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Top doctor’s family call for probe into ambulance delays on day he died of cardiac arrest

The family of a senior medic and lifelong NHS campaigner have called for an investigation into his death as it took paramedics more than half an hour to arrive at his home after operators were told he was suffering a cardiac arrest.

Professor Kailash Chand, a former British Medical Association deputy chair, had complained of chest pains before one of his neighbours, a consultant anaesthetist at Manchester Royal Infirmary, called 111 for help before telling the call handler within three minutes that he believed his friend was having a cardiac arrest.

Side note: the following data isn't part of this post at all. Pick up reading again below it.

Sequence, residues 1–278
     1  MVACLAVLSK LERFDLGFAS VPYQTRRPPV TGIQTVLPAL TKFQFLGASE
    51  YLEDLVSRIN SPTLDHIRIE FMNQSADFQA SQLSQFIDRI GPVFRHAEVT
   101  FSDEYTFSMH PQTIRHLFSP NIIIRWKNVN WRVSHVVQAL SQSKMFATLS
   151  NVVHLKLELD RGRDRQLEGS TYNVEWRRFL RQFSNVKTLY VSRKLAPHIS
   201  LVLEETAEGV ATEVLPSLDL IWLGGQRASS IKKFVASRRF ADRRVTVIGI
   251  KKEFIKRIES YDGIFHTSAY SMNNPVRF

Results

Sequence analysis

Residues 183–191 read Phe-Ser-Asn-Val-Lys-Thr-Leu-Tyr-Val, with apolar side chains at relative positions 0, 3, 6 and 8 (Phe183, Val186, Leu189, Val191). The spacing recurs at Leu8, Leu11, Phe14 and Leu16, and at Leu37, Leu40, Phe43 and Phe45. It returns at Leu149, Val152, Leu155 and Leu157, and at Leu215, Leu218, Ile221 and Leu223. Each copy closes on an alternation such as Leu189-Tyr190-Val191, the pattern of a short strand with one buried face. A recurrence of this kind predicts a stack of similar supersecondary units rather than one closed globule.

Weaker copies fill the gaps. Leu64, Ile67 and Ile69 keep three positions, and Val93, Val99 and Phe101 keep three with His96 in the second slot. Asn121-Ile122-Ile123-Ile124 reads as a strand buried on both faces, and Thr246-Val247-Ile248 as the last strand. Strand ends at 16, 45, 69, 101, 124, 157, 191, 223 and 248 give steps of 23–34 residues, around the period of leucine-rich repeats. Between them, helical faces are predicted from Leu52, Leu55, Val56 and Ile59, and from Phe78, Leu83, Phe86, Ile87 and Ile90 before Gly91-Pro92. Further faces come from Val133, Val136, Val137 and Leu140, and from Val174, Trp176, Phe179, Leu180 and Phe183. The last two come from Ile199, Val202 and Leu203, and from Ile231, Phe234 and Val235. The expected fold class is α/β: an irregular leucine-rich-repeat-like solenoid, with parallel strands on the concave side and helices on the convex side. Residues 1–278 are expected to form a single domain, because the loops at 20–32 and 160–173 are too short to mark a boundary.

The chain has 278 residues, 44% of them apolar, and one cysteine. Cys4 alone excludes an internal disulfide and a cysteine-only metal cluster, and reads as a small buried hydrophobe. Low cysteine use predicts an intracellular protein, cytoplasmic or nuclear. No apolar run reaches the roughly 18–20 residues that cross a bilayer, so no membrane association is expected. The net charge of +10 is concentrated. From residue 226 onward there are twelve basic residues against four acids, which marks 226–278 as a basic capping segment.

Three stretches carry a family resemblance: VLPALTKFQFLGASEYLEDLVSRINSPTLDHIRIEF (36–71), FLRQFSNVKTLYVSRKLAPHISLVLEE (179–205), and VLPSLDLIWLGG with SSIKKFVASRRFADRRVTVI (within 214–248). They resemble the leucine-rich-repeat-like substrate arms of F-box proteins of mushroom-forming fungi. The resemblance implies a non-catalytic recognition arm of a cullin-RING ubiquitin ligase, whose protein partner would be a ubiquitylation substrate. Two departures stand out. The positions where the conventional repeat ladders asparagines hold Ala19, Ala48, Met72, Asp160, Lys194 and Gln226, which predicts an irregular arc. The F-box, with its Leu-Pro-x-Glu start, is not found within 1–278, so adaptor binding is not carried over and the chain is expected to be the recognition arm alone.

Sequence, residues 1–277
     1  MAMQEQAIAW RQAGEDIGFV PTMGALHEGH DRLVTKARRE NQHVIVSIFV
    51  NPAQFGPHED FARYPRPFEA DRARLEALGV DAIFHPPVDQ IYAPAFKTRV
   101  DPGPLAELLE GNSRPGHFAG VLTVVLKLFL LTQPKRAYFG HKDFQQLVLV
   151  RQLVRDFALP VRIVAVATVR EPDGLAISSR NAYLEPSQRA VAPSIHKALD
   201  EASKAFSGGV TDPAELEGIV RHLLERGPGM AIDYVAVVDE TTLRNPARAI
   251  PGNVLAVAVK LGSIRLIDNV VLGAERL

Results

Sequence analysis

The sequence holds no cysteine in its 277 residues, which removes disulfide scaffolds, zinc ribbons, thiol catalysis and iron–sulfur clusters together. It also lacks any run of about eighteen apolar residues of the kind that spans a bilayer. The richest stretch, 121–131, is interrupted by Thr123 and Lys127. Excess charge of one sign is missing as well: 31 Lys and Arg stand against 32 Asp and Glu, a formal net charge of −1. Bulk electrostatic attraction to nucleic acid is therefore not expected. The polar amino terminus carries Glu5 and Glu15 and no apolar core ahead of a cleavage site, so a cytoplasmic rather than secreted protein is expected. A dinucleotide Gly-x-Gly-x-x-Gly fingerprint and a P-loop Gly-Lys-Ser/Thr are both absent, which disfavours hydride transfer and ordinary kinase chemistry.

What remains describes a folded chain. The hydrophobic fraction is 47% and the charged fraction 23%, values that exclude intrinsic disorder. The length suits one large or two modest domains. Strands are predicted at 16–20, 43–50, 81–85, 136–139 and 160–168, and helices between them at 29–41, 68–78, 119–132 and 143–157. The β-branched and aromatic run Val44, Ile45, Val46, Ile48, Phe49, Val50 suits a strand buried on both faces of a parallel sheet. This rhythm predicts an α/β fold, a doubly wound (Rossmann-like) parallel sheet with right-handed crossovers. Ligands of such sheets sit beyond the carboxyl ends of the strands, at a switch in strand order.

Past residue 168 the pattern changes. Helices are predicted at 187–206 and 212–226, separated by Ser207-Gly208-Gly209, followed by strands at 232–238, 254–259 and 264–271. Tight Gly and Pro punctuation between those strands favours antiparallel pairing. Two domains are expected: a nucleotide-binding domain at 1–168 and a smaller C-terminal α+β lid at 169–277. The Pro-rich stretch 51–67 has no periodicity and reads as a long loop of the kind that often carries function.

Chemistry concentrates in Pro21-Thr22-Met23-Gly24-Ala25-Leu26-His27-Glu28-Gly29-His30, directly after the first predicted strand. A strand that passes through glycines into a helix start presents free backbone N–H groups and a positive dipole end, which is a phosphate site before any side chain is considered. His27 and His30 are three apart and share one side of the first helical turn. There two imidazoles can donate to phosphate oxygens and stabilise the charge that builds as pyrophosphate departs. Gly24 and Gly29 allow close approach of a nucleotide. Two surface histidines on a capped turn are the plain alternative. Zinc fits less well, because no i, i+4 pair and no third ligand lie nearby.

“I was answering their questions when Kailash’s eyes began rolling and he slipped into unconsciousness. That’s when I said ‘this looks like a cardiac arrest’ and to upgrade the call. They kept asking questions as I started CPR and asked for an urgent ambulance. That was two or two and a half minutes into the call."

Evidence seen by i News shows that it took another 30 minutes after the neighbour told the operator about the cardiac arrest for the paramedics to arrive at Professor Chand’s flat in Didsbury, Greater Manchester.

National standards for ambulance trusts show that ambulance trusts must respond to category 1 calls – those that are classified as life-threatening and needing immediate intervention and/or resuscitation, such as cardiac or respiratory arrest – in 7 minutes on average, and respond to 90% of Category 1 calls in 15 minutes.

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Source: iNews, 3 September 2021


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